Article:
Faunal gradients in surface and subsurface shelly accumulations from a recent clastic tidal flat, Bahia la Choya, northern Gulf of California, Mexico

Dale A. Springer, Karl W. Flessa

Research output: Contribution to journalArticle

9 Scopus citations

Abstract

Do the shelly remains already accumulated at depth reflect the faunal composition and environmental gradients evident in surface deposits, or do many years of selective destruction and post-mortem transportation limit the spatial resolution possible in studies of nearshore marine faunas? We sampled shelly molluscan remains at the surface and at depth along two 2 km transects across the intertidal zone of Bahia 1a Choya, Sonora, Mexico. At each site we collected surface samples from the upper 5 cm and depth samples from a ubiquitous shelly layer approximately 25 cm below the surface. Radiocarbon dates indicate that the samples differ by approximately 800 years in age. We used the 25 most common species in subsequent analyses. Faunal composition and distribution patterns vary systematically among the four sets of samples. Cluster analysis and multidimensional scaling (MDS) show that subsurface transects reflect species distributions of their surface counterparts more closely than species distributions in surface (or depth) transects resemble each other. MDS of samples also highlights a distinctive gradient in species distributions: Dimension 1 consistently expresses the depth gradient across the tidal flats. Dimension 2 appears to represent subtle changes in substrate mobility. These results suggest that, despite the potential for shell transport and extensive time-averaging, surface heterogeneity is accurately recorded in the subsurface shelly bed. Environmental gradients may have remained constant during the ~500-1300 years since deposition of the subsurface bed, reworking may have completely mixed the sedimentary interval, or both. Spatial resolution of approximately 100 m may be possible in intertidal flat habitats in the stratigraphic record.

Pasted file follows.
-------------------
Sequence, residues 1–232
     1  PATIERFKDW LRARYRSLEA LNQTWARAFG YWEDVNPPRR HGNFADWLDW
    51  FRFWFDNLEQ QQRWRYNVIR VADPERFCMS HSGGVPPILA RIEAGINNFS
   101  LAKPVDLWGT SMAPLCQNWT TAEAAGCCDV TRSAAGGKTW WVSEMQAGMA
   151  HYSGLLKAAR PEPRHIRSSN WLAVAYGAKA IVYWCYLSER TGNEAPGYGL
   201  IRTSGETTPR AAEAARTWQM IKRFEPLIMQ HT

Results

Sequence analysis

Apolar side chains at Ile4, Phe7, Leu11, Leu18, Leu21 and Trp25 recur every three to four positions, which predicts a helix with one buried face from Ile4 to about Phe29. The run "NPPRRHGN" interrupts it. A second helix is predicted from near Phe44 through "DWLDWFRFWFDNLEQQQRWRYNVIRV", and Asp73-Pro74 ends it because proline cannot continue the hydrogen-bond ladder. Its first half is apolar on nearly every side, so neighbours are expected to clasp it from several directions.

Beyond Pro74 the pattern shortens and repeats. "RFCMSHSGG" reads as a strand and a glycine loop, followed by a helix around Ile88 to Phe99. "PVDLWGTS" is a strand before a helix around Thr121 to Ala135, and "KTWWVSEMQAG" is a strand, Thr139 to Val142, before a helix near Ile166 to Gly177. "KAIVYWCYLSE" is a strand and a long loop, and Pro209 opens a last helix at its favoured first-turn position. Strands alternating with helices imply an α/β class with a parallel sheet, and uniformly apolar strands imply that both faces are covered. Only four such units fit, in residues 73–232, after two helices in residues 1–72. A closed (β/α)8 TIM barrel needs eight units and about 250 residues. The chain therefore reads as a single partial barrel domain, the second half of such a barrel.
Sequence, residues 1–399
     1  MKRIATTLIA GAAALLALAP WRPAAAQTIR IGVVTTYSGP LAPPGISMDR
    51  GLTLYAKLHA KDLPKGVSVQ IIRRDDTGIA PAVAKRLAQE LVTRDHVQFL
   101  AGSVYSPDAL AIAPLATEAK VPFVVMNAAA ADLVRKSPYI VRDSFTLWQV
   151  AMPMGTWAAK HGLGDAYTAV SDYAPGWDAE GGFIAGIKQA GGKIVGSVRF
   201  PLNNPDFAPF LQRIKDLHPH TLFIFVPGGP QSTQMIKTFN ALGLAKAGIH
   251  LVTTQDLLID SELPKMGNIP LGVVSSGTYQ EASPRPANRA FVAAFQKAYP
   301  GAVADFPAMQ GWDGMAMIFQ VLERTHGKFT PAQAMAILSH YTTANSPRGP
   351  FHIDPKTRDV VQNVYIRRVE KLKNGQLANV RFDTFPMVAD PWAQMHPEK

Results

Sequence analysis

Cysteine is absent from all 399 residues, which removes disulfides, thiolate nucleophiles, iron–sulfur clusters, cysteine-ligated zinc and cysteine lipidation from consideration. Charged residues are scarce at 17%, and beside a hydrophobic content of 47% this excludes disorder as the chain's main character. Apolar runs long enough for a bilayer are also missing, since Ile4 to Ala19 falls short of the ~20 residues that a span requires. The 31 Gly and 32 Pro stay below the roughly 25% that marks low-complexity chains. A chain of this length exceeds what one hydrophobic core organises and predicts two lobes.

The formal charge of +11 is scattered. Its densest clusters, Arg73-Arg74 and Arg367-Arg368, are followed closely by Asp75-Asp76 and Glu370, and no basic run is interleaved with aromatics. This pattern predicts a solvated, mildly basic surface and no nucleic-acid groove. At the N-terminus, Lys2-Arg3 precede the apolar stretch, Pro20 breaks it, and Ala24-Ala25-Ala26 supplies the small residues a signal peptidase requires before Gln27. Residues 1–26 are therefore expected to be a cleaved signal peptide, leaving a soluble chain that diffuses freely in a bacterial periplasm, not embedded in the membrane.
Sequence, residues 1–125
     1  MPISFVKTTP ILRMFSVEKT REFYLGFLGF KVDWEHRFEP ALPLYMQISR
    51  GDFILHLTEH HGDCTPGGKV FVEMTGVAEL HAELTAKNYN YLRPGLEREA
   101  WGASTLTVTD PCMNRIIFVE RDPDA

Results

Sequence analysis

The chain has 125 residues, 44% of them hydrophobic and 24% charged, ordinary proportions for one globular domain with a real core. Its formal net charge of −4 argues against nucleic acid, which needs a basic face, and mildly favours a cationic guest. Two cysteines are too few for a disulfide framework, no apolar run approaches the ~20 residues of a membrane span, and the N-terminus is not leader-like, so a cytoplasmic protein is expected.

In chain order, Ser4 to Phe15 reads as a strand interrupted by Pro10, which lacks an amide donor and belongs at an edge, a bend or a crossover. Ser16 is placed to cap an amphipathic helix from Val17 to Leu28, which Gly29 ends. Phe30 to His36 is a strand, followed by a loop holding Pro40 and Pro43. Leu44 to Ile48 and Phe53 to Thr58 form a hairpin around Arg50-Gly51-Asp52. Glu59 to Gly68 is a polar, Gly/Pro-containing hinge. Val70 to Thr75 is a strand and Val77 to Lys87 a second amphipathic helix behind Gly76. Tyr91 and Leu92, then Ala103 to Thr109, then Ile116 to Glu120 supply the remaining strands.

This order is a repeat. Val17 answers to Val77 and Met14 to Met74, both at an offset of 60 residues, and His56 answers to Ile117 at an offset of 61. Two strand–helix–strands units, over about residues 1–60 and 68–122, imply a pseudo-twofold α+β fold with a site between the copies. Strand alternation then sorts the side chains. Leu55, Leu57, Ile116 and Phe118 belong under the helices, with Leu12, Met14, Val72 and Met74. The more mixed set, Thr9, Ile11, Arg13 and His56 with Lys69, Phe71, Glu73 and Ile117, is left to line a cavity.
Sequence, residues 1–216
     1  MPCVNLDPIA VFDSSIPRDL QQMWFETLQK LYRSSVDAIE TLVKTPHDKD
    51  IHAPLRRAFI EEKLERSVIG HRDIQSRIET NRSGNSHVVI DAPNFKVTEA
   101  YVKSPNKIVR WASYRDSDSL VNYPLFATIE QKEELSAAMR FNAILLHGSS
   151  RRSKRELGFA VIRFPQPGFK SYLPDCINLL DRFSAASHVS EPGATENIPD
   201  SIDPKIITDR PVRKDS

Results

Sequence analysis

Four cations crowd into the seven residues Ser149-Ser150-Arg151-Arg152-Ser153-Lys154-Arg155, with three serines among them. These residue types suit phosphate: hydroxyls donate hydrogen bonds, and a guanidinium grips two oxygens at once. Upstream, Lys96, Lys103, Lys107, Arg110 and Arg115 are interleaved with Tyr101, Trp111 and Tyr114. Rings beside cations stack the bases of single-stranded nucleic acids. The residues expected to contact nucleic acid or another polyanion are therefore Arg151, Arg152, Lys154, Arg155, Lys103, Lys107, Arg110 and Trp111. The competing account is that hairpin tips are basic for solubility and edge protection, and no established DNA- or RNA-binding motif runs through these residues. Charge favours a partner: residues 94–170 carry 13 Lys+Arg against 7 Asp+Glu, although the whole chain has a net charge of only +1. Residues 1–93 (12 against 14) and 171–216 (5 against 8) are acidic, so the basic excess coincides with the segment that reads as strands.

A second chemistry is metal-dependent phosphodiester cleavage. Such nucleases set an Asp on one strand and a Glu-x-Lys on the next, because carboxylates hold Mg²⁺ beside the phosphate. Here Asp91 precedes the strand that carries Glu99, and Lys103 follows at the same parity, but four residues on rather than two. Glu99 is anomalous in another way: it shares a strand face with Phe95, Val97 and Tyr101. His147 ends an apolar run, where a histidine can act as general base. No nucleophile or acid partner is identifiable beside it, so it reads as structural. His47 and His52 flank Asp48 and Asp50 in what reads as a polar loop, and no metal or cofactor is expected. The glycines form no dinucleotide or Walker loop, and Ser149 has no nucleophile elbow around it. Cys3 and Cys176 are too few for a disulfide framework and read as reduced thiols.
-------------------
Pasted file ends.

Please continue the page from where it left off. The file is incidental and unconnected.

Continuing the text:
Original languageEnglish (US)
Pages (from-to)261-279
Number of pages19
JournalPalaeogeography, Palaeoclimatology, Palaeoecology
Volume126
Issue number3-4
DOIs
StatePublished - Dec 6 1996

Keywords

  • Gulf of California
  • faunal gradients
  • paleoecology
  • shell beds
  • taphonomy

ASJC Scopus subject areas

  • Oceanography
  • Ecology, Evolution, Behavior and Systematics
  • Earth-Surface Processes
  • Palaeontology

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